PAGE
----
If we take in the ideas Job exchanged with his friends, we are healed . . . just as Job is healed when he remains in God.

If we live in fidelity to God as Job does, we experience humility . . . just as Job does when he hears the Lord speak.

If we seek wisdom as Job does, we find satisfaction . . . just as Job does when he hears the Lord address his friends. After God had finished addressing Job, he turned to Eliphaz the Temanite and said, “I’ve had it with you and your two friends. I’m fed up! You haven’t been honest either with me or about me—not the way my friend Job has.”

Honesty, authenticity, perseverance, courage, fidelity. These are the signposts we might follow as we move through life. They are antecedents of the meekness and fulfilment we see in Christ nearly a thousand years later. They are the presence of the consolation and healing we encounter in the Holy Spirit we experience in our own lives. They are the wisdom and peace we seek today.


Image from: https://lamountaincoaching.com/humility/can-promote-humility/

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Job 42: Babbling On

Monday, August 27, 2018

Again, today we look at THE MESSAGE translation in which this chapter is entitled, Job Worships God: I Babbled On About Things Beyond Me.

Having come through his grief and pain, Job says to the LORD: I’m convinced: You can do anything and everything.   Nothing and no one can upset your plans.

We might smile as we read and pray these words, or we might grimace. How do we understand God’s control of the universe? Does is bring us comfort, anxiety, peace or fear? How do we react to Job’s final response to God?

We are rewarded if we spend time with this last portion of the Job story for it is in the unfolding of the action that we find our own intimacy with God. It is in the patient fidelity of the innocent sufferer, that we find a premonition of the Christ story. And it is in the hope-filled abiding of God’s faithful servant that we see a glimpse of the Spirit that heals and transforms. Just as the Lord restores Job, so does God restore us; and this happy ending to a tale of difficulty and expectation brings us affirmation of our confidence in God. We have a person we can model, an attitude we can take on. We have God’s wisdom teaching us The Way of peace that Jesus brings to all.

Today, despite our babbling about a plan we struggle to understand when life goes against us, we determine to rely more on God and less on ourselves. We decide to trust the economy of the Lord rather than our own. And we confirm God’s love in choosing us, power in protecting us, and wisdom in teaching us . . . in the face of our incoherent words.


Tomorrow, celebrating with the Lord.

When we compare translations of this chapter, we begin to see why we cannot understand things beyond our comprehension. 

For a reflection of the power of our words, click on the image or visit; https://restoredministriesblog.wordpress.com/2016/11/30/power-of-the-tongue/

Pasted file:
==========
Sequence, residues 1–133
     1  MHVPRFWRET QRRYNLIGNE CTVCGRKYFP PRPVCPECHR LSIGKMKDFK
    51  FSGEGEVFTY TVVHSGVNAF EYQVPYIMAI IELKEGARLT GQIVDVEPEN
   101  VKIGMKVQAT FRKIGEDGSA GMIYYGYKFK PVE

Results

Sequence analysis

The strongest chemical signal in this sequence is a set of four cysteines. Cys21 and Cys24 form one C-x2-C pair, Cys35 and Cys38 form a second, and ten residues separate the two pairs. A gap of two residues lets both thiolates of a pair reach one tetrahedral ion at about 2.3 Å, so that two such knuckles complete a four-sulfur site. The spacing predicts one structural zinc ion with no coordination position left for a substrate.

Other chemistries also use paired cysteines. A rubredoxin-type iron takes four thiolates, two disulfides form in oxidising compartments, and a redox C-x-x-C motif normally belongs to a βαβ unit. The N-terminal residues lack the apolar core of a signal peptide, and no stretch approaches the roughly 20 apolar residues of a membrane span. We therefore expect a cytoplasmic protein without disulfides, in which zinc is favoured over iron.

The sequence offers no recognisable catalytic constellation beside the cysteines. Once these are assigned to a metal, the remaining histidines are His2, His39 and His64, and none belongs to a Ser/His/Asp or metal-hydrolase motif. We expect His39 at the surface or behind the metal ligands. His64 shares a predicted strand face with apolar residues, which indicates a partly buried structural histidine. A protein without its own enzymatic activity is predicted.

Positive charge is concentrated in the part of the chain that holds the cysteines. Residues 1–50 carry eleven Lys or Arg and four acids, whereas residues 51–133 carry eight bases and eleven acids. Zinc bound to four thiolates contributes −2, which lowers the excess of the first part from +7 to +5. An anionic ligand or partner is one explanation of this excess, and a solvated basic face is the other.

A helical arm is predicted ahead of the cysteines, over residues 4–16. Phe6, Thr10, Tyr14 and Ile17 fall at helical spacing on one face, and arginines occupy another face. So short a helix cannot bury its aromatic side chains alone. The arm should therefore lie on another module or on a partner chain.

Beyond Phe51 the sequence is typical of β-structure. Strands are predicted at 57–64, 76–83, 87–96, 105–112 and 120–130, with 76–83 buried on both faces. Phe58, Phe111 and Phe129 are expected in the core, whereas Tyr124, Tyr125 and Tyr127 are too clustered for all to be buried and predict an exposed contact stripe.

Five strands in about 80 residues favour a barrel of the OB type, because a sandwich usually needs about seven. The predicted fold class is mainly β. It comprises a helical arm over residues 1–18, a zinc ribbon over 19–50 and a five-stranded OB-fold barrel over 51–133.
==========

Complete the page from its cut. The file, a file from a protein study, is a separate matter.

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Job 40-41: God Runs the Universe

Sunday, August 26, 2018

We have accompanied Job as he questioned the wisdom of God’s plan and defended his innocence against his friends. We have entered into our own intimate dialogs with God as we thirst, complain, seek, defend and question. Today we spend a bit more time with these two chapters as we compare THE MESSAGE translation of these verses with other versions. Today we experience the full impact of the dialog Job has with God. Today we understand not the why or how, but the reality of the fact that God runs the universe.

Chapter 40: Verses 1-2: God then confronted Job directly:

“Now what do you have to say for yourself?
    Are you going to haul me, the Mighty One, into court and press charges?”

What charges do we press against God? What human acts do we blame on the LORD? What do we have to ask and to say?

Chapter 40: Verses 3-5: Job answered:

“I’m speechless, in awe—words fail me.
    I should never have opened my mouth!
I’ve talked too much, way too much.
    I’m ready to shut up and listen.”

Are we in awe of God? Do we believe we may have said too much or too little? Are we ready to spend time with God each day so that we might listen?

Chapter 40: Verses 6-7: God addressed Job next from the eye of the storm, and this is what he said:

“I have some more questions for you,
    and I want straight answers.

Are we prepared to give God straight answers? Do we have the courage to answer God truthfully? Are we able to willingly and freely admit that God runs the universe?

When we spend time with these chapters and verses today and ask questions as we look through the lens of multiple translations. As we ask honest questions and listen to hard answers, we come to a deeper appreciation of God’s economy and plan.


Images from: https://hanswidener.com/2017/02/09/relinquishing-control-lesson-1/  and https://becomingchristians.com/2013/07/09/scripture-of-the-day-will-you-deny-gods-existence/

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Job 40-41Conversations

Saturday, August 25, 2018